Dec 12, 2011
worldmatt in Italy

Rome on Christmas Day?

Great! I will be patient. Any truth to the rumor that restos in the old Jewish ghetto stay open?

Oct 22, 2011
worldmatt in Italy

Rome on Christmas Day?

My wife, 3-year-old daughter and I happen to be arriving in Rome on Christmas Day, and I'm trying to find a good restaurant that'll be open then (and, you know, suitable for a young family with a toddler). For what it's worth, we've got an apartment over near Termini, but are of course pretty mobile. And my Italian is decent, too, though far from fluent.

Any recommendations?

Oct 20, 2011
worldmatt in Italy

Unusual, incredible corn dishes?

OP here. Just wanted to say that although we've sort of diverged from the initial question, I really love reading all these responses, and will try to get myself to Buckland/Shelburne Falls, Bread Euphoria and maybe Sharpe Hill for some corn. Thanks!

Unusual, incredible corn dishes?

Earlier this summer, I posted a link asking for great corn farmers in southern New England, and the response was very nice: http://chowhound.chow.com/topics/788607

Now that corn season has really started, I wanted to ask around to see if anyone's eaten any great or unusual corn dishes at any restaurants. Ideally, I'd like to find some incredible renditions of the classics, like corn chowder or succotash, but I'm also curious to see if chefs are doing anything new with sweet corn. Or is there maybe some Vietnamese or Indian restaurant incorporating corn into those cuisines in a surprising and delicious way?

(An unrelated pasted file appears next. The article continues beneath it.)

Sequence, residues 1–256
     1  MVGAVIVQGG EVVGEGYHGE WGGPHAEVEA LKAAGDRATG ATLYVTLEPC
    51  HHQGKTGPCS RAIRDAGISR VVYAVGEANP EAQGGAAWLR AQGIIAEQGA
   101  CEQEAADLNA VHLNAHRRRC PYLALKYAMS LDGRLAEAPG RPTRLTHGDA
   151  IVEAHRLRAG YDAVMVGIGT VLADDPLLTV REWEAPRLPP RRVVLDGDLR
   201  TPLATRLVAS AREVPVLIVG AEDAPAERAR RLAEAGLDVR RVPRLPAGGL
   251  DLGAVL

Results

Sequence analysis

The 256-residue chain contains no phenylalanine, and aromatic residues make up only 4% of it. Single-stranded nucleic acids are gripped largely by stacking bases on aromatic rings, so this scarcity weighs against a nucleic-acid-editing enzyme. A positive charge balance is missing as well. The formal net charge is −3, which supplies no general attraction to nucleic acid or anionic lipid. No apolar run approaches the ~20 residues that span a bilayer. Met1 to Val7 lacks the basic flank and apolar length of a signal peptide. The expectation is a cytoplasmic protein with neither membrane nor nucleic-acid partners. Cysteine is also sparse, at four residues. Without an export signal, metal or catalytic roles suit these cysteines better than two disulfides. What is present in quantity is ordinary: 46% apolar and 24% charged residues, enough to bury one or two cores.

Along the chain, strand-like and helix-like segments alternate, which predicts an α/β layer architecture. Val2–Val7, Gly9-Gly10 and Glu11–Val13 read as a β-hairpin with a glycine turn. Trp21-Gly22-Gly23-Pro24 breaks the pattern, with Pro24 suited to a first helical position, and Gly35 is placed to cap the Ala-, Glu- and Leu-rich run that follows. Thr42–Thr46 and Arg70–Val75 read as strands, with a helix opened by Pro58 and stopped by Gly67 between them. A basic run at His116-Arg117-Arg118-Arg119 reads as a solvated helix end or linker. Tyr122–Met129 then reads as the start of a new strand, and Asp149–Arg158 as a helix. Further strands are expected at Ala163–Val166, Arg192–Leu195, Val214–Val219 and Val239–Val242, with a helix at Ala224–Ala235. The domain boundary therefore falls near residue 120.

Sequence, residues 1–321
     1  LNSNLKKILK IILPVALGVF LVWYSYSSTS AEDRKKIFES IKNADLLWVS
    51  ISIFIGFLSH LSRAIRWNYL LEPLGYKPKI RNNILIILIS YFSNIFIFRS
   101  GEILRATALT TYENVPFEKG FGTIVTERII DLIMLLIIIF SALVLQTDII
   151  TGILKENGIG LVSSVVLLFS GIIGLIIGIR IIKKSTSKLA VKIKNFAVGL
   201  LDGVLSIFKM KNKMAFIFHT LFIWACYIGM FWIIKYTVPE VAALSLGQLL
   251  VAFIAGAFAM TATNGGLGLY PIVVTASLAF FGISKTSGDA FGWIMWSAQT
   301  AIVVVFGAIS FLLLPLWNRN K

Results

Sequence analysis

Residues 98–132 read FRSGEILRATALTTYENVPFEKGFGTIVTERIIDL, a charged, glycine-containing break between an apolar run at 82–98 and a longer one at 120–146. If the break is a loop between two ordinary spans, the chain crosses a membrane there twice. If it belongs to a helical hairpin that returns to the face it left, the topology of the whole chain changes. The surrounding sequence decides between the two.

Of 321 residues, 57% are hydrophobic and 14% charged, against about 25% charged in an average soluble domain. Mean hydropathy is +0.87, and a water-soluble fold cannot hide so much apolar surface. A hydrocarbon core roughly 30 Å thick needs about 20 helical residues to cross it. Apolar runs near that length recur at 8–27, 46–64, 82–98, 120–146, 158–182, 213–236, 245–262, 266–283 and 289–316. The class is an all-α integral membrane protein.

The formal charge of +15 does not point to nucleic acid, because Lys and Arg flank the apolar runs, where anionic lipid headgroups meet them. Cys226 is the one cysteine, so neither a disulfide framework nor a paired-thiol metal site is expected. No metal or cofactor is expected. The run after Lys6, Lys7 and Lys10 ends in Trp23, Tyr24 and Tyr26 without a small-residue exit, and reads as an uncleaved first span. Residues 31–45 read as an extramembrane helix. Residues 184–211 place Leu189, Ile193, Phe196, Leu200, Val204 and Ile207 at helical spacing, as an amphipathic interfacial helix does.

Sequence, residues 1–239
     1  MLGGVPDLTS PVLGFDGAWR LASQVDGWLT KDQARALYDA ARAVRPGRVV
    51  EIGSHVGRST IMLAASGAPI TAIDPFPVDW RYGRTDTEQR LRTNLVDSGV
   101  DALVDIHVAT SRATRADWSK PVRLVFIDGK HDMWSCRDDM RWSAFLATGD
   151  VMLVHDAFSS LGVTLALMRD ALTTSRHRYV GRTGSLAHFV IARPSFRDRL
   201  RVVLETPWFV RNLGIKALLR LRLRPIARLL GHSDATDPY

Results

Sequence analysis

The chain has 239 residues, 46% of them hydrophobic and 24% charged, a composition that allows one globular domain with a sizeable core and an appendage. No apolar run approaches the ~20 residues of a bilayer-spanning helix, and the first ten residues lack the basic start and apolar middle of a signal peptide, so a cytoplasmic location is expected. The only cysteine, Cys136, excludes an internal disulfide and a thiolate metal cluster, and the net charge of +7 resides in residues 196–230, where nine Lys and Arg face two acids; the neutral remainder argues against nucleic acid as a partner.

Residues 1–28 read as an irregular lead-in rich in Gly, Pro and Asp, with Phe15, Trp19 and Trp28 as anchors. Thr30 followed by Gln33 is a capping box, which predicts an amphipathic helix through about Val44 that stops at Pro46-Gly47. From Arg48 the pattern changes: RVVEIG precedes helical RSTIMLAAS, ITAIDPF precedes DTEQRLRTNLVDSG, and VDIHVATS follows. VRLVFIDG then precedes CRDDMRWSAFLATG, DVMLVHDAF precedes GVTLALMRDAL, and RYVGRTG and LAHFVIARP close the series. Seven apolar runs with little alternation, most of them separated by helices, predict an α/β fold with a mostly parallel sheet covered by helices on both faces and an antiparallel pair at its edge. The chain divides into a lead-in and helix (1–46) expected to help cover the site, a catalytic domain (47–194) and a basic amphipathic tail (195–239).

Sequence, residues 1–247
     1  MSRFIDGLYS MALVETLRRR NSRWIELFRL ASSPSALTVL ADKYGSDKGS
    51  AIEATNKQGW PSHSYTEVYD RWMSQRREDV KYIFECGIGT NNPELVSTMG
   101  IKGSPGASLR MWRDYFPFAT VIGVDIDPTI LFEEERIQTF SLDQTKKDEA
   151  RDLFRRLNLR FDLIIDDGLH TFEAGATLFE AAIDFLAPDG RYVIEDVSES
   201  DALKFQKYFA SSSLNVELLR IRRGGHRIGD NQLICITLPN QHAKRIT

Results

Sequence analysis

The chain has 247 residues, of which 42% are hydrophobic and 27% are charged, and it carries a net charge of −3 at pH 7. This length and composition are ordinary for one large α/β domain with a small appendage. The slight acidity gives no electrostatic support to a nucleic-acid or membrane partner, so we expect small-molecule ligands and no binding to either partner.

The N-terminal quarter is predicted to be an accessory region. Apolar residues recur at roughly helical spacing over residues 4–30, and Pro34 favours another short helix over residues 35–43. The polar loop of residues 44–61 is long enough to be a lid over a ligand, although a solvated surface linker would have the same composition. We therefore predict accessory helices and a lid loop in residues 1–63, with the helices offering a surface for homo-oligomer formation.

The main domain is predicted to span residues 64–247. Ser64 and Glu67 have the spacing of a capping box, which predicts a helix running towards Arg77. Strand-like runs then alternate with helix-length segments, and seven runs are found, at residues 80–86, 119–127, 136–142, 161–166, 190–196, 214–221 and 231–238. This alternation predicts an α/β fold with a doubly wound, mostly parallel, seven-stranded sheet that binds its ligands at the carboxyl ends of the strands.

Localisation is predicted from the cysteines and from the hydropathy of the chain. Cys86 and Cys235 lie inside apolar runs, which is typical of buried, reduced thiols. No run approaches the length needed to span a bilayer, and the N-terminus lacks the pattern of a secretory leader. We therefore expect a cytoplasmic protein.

Or maybe there's another way to put the question: If you're driving around New England for a week, what is the one corn dish you absolutely must try?

Best corn farmers & corn chefs in New England?

I may very well wind up in NY, too. So hard to limit myself when I hear about good corn!

Wondering: Are there particular roads through southern New England that are going to have a particularly high number of farm stands? I remember going across Rt 9 a couple of years ago, between East Brookfield and Amherst, and hitting half a dozen.

Best corn farmers & corn chefs in New England?

Awesome. Here's a link to a Google Map I'm putting together of everywhere that everyone recommends: http://j.mp/j7eUA5

Best corn farmers & corn chefs in New England?

Awesome! I'm google-mapping everything mentioned in that thread. But... what about Massachusetts? I mean, CT corn is great, but let's be fair to my native lands, too. Anything worthy up there?

Best corn farmers & corn chefs in New England?

Chowhound for story prep? Of course! Can you think of a better place to do research? ;)

As for cooking, I'm totally with you—the less cooking the better. But still... there's succotash to consider, and tomato-corn salads, and chowder, and... who knows what else? Also, I'm curious to know if any "ethnic" restaurants are making use of New England's delicious sweet corn in new ways: shaved-ice toppings, dumpling stuffing, etc. Come across any of that?

Best corn farmers & corn chefs in New England?

Hi there,